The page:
competitive pricing is the process of selecting strategic price points to best take advantage of a product or service based market relative to competition. this type of pricing strategy is generally used once a price for a product or service has reached a level of equilibrium, which occurs when a product has been on the market for a long time and there are many substitutes for the product. rather than compete on price, the business must compete on quality if it hopes to charge a premium price. a business may set the price below the market and potentially take a loss if the business believes that the customer will purchase additional products from their business once the customer is exposed to the other offerings. lastly, a business can choose to charge the same price as its competitors or take the prevailing market price as given. for a business to charge an amount above that of the competition, the business must differentiate the product from those created by competitors.
this strategy requires not only improving the product or service itself, but making sure customers are aware of the differences that justify the premium pricing, through marketing and branding. a loss leader is a good or service being offered at a notable discount, at times resulting in a loss if the products are sold below cost. once the potential customer enters the store environment, shifting to the role of customer once the decision to purchase the loss leader is made, the hope is to attract them to other store products that generate a profit. at times, loss leader prices cannot be officially published as a minimum advertised price has been set by the manufacturer. this allows the retailer to maintain a competitive price point for those who become aware of the competitor’s offer without having to officially change the price within the retailer’s point of sale system. for example, in november 2014, amazon projected price changes to approximately 80 million items in preparation for the holiday season.
it requires thorough research on what your competitors are doing, what they offer and at what price they offer in order to arrive at your own pricing strategy. after finding out your product fit in the market, you need to now understand competitive pricing and analyze how to price the product. there are three methods as to how you can price your product after doing a thorough analysis of your competitors pricing above the competition: offering products or services priced superior to your competitors. pricing below the competition: pricing below competition shouldn’t be a strategy, if at all, your product is limited in terms of features and functionality. but, before arriving at a final price solely based on the above two models, you can compare yourself with the competition and modulate your pricing a bit in order to be in-par with your competitors.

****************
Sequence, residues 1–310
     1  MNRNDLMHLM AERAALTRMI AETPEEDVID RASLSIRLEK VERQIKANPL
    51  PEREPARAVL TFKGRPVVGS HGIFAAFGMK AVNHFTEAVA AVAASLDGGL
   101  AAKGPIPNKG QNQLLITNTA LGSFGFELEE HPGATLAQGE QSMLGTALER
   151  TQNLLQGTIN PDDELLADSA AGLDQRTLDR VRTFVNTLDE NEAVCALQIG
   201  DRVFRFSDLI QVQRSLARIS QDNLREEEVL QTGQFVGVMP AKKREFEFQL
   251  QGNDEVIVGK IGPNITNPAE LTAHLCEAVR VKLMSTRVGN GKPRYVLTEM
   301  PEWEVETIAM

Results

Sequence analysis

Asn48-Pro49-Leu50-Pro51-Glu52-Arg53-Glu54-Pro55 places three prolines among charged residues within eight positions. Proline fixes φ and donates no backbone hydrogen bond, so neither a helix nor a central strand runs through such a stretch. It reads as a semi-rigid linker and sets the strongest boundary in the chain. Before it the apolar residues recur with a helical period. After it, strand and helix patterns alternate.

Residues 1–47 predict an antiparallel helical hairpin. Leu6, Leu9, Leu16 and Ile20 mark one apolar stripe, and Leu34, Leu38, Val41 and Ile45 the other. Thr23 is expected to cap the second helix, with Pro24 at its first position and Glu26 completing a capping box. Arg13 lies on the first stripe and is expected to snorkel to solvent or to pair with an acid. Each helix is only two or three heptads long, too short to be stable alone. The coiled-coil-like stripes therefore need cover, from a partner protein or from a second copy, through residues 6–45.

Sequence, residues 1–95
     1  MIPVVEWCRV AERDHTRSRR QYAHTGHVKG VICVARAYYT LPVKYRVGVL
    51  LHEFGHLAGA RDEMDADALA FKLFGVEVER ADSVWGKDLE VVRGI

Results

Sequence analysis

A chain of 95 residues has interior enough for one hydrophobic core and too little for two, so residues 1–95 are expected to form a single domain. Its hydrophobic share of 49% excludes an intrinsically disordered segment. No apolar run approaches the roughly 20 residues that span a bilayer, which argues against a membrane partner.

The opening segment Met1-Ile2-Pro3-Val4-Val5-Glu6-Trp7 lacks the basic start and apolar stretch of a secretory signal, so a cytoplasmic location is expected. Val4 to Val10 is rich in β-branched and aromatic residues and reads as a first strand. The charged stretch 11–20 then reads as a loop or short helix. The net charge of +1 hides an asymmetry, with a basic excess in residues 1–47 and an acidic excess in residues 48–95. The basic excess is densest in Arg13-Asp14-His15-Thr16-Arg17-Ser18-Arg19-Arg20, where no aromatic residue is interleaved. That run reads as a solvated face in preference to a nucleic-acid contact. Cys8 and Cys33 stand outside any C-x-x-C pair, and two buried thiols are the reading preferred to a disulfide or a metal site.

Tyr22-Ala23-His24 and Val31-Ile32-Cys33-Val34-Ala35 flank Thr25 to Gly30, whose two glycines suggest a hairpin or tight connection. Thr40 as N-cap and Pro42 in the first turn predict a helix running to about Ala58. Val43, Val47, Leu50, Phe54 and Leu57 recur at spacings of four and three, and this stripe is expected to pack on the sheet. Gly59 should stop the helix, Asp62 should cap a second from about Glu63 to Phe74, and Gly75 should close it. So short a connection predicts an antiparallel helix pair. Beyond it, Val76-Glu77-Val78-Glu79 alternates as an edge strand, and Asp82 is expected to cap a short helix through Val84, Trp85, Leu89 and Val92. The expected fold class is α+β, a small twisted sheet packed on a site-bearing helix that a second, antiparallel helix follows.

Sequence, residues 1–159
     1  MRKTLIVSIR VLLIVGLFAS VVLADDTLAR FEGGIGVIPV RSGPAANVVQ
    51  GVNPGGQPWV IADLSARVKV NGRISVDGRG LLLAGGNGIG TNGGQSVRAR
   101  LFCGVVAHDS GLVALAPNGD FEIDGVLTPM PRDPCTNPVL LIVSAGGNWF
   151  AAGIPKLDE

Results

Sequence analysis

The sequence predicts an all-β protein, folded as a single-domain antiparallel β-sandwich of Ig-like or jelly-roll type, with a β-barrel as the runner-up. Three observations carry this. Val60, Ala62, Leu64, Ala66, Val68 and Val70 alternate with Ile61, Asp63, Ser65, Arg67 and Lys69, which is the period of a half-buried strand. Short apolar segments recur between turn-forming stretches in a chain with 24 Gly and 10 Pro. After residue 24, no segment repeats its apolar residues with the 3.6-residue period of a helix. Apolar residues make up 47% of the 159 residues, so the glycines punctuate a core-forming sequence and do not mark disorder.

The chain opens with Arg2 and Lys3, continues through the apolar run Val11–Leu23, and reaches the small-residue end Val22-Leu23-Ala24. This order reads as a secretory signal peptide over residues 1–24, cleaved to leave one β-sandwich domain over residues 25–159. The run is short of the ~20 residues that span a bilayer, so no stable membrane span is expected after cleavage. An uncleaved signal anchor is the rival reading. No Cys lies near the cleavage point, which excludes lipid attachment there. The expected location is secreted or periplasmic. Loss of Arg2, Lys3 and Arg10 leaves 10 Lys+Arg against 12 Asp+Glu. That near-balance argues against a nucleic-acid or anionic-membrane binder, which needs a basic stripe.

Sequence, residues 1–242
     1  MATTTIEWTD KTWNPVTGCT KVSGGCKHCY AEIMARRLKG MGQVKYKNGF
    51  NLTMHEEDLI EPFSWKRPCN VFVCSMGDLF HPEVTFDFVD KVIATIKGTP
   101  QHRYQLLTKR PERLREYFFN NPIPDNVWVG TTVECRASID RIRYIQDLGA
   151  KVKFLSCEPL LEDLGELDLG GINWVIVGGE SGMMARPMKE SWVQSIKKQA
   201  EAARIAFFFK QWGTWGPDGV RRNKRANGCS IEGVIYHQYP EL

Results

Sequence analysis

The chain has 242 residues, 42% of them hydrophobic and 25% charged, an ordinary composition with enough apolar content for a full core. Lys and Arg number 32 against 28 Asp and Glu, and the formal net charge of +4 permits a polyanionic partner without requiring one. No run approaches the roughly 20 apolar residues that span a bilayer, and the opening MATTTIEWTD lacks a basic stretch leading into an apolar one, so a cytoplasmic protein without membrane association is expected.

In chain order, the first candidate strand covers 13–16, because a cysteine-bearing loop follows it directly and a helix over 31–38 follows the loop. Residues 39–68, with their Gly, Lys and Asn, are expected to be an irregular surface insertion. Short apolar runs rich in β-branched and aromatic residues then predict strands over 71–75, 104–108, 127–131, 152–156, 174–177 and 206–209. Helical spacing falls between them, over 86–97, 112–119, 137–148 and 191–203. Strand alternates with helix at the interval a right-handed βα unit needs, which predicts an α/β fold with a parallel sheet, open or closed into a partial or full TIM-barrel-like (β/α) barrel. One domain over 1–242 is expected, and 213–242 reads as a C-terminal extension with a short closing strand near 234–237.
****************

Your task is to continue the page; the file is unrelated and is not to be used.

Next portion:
this is a model attributed to short term goals and you’ll be casketing your profits in the long run if you follow the same because as you scale you need to evolve your pricing strategy based on your product and not based on what someone has to offer. one amongst the herd – since it’s a strategy implemented solely based on your co-market players you will not be seen as different and will be a part of a huge herd offering the same products and services. also, the biggest setback is the fact that you’re pricing is based on your competitors’ pricing method. competition based pricing is a bad case of plagiarism when implemented alone and will help you sustain in the market only for a short while. with competition based pricing you’ll be able to keep up with your competitors in the short term but when it is properly used in conjunction with other pricing models it can be a valuable addition to your pricing strategy.
take the example of an airline company. during high demand periods like holiday season and weekends, prices competitive pricing consists of setting the price at the same level as one’s competitors. for example, a firm needs to price a new coffee maker. the firm’s competitors sell it at $25, and the company considers that the best price for the new coffee maker is $25. it decides to set this very price on their own product. competitive pricing is the process of selecting strategic price points to best take advantage for example, apple employs the strategy of focusing on the creation of high-end products, competition based pricing strategy examples, competition based pricing strategy examples, competition based pricing strategy coca cola, competitive pricing strategy advantages and disadvantages, pricing strategies. a classic example of a competitor-based pricing strategy is between pepsi and coca cola. both brands compete against each other over pricing, quality and features, and their prices remain similar, although pepsi is slightly cheaper than coke on average.
competitor based pricing is commonly used to test product pricing, especially if you’re new to the market. it requires for example, if you sold marketing automation software, and your competitors’ prices ranged from what’s competitive pricing? it’s a strategy where businesses take competitor this is an example of four stores that,
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